Challenges and Opportunities

Charlotte Hanna, owner, Community Growth Partners (Rebelle).

Rebelle opened just a couple months behind schedule, despite the setbacks of the Northeast’s coronavirus outbreak. Hanna says the initial contractors for the project were laid off, and Community Growth Partners lost a portion of its funding, but quickly rebounded. “This has been a test of my resilience and determination,” she says, citing a history of adversity that prepped her for this moment. She worked in New York’s Financial District during 9/11 and “literally ran,” she says; took on Goldman Sachs with a discrimination lawsuit in 2010; and helped her husband rebuild his restaurant business in 2012 after Hurricane Sandy ravaged the city. Pivoting and re-building is Hanna’s strong suit.  

At the dispensary, sanitation and distancing have been a priority from the get-go, Hanna says. Occupancy is currently limited to 50%, and not every register is open. The team has also committed not to rush customers as they peruse the store, have consultations and make choices, though customers are urged to take advantage of the pre-order system. “Our transaction time is a little slower than we had projected, but I don’t mind,” Hanna says.

The company is also still learning the patterns of consumer behavior in the time of coronavirus. Hanna says that while Rebelle is selling lots of flower products to connoisseur customers, the dispensary is selling many more edibles and tincture products, and fewer vape products, than originally anticipated.

Currently, the company’s biggest challenge (and opportunity) is to deliver on its social equity promise. As part of its mission to continue to provide opportunity for those disproportionally affected by the War on Drugs—3% of the company’s net profit is donated to the local nonprofit organization Roca, which works to help those who’ve been incarcerated to address trauma and re-enter the workforce through work-based partnerships and behavioral therapy.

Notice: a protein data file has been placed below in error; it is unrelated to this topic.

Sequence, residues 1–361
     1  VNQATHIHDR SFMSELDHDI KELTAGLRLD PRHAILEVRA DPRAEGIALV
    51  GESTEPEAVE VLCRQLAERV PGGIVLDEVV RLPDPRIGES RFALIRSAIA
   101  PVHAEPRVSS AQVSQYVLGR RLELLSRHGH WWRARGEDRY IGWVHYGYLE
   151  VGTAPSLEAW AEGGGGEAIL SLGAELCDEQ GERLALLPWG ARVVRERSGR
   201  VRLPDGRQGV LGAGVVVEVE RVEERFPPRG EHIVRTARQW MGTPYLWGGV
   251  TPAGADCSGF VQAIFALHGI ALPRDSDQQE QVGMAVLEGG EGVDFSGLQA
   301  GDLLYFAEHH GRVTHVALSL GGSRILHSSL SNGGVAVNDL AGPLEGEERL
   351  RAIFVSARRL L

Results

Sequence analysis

Hanna says Rebelle’s involvement goes beyond the donation of funds. She says the company hired Roca participants for the demolition and light carpentry work for the dispensary building, and is planning expungement days in partnership with the nonprofit.

The Rebelle team has already hosted seminars with Roca participants to share information about the state’s cannabis industry and how they can get involved, but gaining participants’ confidence and trust has been difficult. Hanna says participants who initially express interest oftentimes do not follow up after learning about the industry’s required background checks. “I’ve personally called them. And I’m like, ‘Don’t worry about it. I am here to go to bat for you. You’ve done the work,’” she says, adding, “I really underestimated how hard that would be.”

The company has hired two Roca participants in greeter roles. “Hopefully these young people are going to grow with us, and find careers with us, and get rewarded economically through stock if they do well,” Hanna says. “That’s my goal. We haven’t done it yet, but I think we can.”

“We’re just getting started,” she adds. “What I wanted to try to do is not just help people expunge their records but help people build wealth—because there’s not just an income divide in this country, there’s a real wealth gap. So, I’m trying to help these folks understand how to make some decisions that maybe in the long run can really positively impact their family.”

In the meantime, Hanna hopes that customers will “shop with their eyes and their values,” she says. “There’s a lot of consumer research out there done by the … Nielsen’s of the world that consumers do care about corporate values. So, for me, it’s really important that our consumers understand our values as a company. … And we become a destination of choice because of those things.”

Written by homegrownreview